The number of community banks has declined sharply in the last few years. Part of the decline is owed to the fact that virtually no new banks have been created since 2009. Between 2004 and 2008, an average of about 300 commercial banks disappeared each year, mostly as a result of mergers. But these losses were offset by the creation of 146 new banks each year on average. From 2009 to 2013, we continued to lose about the same number of banks annually, but gained only 6 new banks on average each year.
Stacy Mitchell is co-director of the Institute for Local Self-Reliance, and directs its Independent Business Initiative, which partners with a wide range of allies to implement policies that counter concentrated power and strengthen local economies.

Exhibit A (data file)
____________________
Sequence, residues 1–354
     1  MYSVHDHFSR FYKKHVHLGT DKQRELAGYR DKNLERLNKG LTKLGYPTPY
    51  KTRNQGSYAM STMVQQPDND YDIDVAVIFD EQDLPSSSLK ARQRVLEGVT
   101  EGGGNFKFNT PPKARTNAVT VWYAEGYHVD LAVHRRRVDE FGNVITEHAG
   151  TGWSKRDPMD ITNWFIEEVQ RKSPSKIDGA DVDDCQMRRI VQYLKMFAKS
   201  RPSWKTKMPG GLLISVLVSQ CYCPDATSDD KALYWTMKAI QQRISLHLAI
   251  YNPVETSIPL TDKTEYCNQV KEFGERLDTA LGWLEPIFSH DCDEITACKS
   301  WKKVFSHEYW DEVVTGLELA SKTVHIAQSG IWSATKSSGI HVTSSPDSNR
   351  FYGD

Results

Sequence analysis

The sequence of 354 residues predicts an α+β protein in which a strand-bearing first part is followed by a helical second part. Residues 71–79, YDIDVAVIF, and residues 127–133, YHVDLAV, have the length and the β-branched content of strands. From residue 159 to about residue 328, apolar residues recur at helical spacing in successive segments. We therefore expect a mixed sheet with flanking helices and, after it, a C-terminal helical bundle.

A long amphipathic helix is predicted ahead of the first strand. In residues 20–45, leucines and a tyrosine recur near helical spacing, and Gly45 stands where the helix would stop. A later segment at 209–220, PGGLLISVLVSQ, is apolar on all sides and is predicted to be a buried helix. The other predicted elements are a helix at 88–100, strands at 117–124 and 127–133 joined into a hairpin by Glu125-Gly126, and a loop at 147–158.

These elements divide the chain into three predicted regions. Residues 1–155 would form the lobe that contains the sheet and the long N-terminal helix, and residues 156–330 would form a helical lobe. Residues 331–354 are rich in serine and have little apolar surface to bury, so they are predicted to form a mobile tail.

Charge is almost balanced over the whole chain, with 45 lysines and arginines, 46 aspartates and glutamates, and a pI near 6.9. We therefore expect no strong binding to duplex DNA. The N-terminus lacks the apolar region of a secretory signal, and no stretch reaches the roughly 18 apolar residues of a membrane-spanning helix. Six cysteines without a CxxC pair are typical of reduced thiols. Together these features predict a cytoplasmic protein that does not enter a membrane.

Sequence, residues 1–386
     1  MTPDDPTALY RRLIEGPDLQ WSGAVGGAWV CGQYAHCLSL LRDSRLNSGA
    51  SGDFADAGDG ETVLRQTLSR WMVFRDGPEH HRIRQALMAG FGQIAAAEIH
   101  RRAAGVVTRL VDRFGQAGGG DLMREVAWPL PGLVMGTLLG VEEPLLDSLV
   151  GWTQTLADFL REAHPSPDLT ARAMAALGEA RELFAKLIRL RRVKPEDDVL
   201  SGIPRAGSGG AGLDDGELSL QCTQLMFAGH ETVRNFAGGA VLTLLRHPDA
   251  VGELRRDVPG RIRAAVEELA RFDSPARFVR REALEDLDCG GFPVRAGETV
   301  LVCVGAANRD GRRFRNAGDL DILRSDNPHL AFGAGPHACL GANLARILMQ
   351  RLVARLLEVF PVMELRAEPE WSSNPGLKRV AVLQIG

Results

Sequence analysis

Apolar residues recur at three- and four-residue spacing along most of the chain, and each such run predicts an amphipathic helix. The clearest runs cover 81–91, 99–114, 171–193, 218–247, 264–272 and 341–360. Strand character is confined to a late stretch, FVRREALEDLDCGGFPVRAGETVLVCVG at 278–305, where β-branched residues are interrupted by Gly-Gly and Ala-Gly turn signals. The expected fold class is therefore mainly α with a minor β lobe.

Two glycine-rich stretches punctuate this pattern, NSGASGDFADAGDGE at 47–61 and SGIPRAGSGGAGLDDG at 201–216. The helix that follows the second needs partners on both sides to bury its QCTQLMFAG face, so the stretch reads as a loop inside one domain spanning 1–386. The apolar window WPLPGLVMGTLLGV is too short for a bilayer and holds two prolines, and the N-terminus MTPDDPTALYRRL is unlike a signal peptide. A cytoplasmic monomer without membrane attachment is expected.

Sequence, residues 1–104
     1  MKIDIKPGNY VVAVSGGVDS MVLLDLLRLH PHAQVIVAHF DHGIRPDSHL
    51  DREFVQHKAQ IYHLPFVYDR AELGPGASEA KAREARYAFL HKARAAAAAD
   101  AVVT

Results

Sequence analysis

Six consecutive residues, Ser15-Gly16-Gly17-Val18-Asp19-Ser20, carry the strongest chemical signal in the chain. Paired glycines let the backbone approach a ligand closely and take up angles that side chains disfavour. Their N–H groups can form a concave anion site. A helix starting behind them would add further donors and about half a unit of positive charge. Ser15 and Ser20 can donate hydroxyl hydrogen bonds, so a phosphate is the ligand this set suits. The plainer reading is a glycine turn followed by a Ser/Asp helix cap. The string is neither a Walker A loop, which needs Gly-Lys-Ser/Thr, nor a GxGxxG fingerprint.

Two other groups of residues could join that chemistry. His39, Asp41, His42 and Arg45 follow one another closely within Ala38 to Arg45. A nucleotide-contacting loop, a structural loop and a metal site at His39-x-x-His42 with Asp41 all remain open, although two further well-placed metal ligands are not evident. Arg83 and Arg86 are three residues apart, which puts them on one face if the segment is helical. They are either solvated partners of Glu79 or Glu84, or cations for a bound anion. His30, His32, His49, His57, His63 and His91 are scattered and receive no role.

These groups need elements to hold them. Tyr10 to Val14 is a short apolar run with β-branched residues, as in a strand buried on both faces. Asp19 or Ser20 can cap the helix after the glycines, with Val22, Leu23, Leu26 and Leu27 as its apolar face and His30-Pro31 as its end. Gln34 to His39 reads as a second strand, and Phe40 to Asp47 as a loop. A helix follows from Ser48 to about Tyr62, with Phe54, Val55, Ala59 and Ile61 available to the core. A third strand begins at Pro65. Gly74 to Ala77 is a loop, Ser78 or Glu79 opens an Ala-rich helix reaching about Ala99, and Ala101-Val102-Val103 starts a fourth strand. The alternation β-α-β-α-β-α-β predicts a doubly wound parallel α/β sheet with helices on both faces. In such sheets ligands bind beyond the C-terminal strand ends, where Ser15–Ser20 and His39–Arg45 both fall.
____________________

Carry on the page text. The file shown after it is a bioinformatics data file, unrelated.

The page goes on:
Latest posts from Stacy
- Statement on Sen. Warren’s proposal to Break Up Big Tech - March 8, 2019
- The FTC is Approving a Merger that Will Help Staples and Amazon Cripple Independent Businesses - February 26, 2019
- Dollar Stores Are Targeting Struggling Urban Neighborhoods and Small Towns. One Community Is Showing How to Fight Back. - December 6, 2018